October 2014, Ms. Jackson filed her lawsuit against Norac
alleging race and gender discrimination and harassment under
Title VII and the ACRA (Dkt. No. 17, ¶ 7). Norac
contends that, “[i]n November 2014, Norac decided to
interview, through its counsel, employees who might be
witnesses in the Jackson lawsuit (Id.,
¶ 8). Norac alleges that it interviewed Ms. Valerie
Lacey, Ms. Rose, Ms. Payne who is an African American female,
Kristen Gregory who is a Caucasian female, and Wendy Fletcher
who is a Caucasian female (Id.). Subsequently, Norac
supposedly drafted affidavits and presented the draft
affidavits to the employees to review and sign
(Id.). Norac avers that Ms. Rose, Ms. Gregory, and
Ms. Fletcher signed their affidavits, making few or no
changes (Id.; Dkt. Nos. 15-6, 15-7, 15-8). Norac
also claims that Ms. Valerie Lacey and Ms. Payne did not sign
their affidavits (Dkt. No. 17, ¶ 8). According to Norac,
Ms. Valerie Lacey edited her draft affidavit by hand, but
Norac did not follow-up with her (Id.; see
Dkt. No. 15-5, at 16-18). Plaintiffs disagree, contending
that, “Norac scheduled a follow-up meeting with [Ms.
Valerie] Lacey after she edited the affidavit.” (Dkt.
No. 20, at 3). Ms. Valerie Lacey asserts that she refused to
attend the final meeting with Norac's attorney alone and
insisted that Ms. Payne sit in with her (Id.).
Furthermore, plaintiffs claim that Ms. Payne observed that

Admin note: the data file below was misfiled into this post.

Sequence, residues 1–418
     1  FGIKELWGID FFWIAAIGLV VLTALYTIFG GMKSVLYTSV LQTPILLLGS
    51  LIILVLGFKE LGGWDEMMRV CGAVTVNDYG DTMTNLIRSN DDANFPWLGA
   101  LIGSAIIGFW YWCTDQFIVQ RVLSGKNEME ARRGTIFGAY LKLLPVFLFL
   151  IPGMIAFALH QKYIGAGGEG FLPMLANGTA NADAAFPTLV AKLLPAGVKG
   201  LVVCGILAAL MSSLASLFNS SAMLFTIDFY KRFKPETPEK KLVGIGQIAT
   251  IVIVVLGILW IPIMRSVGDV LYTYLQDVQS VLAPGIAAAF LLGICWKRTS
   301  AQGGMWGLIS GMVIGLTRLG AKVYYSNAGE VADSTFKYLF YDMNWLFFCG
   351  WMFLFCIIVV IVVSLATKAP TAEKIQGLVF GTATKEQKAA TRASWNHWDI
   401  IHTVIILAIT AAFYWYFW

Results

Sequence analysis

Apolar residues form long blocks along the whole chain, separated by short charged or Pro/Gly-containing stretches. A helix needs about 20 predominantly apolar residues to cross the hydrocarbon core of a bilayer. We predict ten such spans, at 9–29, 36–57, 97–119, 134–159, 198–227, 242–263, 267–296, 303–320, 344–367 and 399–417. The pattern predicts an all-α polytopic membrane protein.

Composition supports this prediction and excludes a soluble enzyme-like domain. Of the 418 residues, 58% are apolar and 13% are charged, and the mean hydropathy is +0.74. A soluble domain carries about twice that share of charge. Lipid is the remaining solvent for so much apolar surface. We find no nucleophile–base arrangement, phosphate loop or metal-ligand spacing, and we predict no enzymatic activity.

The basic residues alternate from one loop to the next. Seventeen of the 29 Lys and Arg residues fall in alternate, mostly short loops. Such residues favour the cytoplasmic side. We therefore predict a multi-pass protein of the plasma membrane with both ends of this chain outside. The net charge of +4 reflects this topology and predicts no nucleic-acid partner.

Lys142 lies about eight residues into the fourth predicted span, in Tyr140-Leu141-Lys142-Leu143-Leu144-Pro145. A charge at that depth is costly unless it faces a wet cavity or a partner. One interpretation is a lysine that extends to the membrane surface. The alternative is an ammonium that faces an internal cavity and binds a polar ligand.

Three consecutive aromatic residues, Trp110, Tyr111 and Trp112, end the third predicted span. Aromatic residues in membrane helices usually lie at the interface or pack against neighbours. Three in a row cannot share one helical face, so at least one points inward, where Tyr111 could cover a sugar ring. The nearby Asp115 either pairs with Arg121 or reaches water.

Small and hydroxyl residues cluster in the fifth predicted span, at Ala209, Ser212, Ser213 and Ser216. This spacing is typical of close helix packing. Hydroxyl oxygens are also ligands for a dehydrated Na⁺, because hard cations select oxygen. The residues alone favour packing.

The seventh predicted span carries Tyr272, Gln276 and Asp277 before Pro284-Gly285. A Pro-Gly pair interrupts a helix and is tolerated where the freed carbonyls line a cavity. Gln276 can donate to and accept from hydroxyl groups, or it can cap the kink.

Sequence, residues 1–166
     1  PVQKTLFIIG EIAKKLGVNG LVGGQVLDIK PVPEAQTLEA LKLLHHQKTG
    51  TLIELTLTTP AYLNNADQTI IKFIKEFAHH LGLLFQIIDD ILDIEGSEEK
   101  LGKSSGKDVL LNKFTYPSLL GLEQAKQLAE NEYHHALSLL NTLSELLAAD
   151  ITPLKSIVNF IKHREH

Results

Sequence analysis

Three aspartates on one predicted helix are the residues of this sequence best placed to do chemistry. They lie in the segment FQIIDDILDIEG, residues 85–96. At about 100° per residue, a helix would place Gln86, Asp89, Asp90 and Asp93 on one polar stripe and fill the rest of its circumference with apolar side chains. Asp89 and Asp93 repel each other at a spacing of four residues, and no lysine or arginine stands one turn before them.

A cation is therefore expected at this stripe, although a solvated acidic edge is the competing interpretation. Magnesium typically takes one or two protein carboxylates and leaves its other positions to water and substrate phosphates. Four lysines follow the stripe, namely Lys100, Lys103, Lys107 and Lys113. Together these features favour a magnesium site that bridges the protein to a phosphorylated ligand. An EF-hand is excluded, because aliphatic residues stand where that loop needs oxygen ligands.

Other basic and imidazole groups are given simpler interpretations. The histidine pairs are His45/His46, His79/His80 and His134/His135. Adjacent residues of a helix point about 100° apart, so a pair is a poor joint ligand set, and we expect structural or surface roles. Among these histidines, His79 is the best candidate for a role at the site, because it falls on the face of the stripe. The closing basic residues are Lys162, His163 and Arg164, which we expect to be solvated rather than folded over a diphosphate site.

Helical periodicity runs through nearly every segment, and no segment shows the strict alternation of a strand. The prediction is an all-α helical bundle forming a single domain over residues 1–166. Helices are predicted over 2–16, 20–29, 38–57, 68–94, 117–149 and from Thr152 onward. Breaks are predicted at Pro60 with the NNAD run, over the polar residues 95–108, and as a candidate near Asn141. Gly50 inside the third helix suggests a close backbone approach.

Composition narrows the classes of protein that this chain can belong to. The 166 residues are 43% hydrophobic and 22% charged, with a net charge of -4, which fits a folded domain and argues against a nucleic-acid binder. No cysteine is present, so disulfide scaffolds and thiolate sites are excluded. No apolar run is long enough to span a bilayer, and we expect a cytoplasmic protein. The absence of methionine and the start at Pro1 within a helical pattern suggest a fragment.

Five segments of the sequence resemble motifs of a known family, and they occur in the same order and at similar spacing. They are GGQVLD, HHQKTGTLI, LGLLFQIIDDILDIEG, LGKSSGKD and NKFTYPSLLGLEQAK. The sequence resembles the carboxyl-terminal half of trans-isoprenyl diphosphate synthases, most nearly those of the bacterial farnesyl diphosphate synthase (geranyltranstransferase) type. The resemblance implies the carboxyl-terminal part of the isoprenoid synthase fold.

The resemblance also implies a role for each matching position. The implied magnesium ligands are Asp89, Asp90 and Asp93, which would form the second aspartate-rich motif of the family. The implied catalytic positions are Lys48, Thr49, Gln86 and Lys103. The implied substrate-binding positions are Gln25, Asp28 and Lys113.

Norac's attorney was upset that Ms. Valerie Lacey did not
sign the proposed affidavit (Id.). Ms. Valerie Lacey
never signed an affidavit.
December 2, 2014, Norac announced its decision to lay off Ms.
Jackson, Ms. Valerie Lacey, and Ms. Rose, as well as its
decision to end Ms. Ry'Kia Lacey's temporary
assignment (Dkt. No. 17, ¶ 9). Ms. Valerie Lacey and Ms.
Ry'Kia Lacey both filed charges with the EEOC (Dkt. No.
15-5, at 1, 14). Ms. Valerie Lacey claims that she was fired
for refusing to sign the affidavit related to Ms.
Jackson's lawsuit, and Ms. Ry'Kia Lacey contends that
she was fired for her relationship with Ms. Valerie Lacey
(Id.). They filed the present complaint on January
27, 2016 (Dkt. No. 1).
Motion to Strike
discussing the motion for summary judgment, the Court must
first address the pending motion to strike filed by Ms.
Valerie Lacey and Ms. Ry'Kia Lacey (Dkt. No. 22).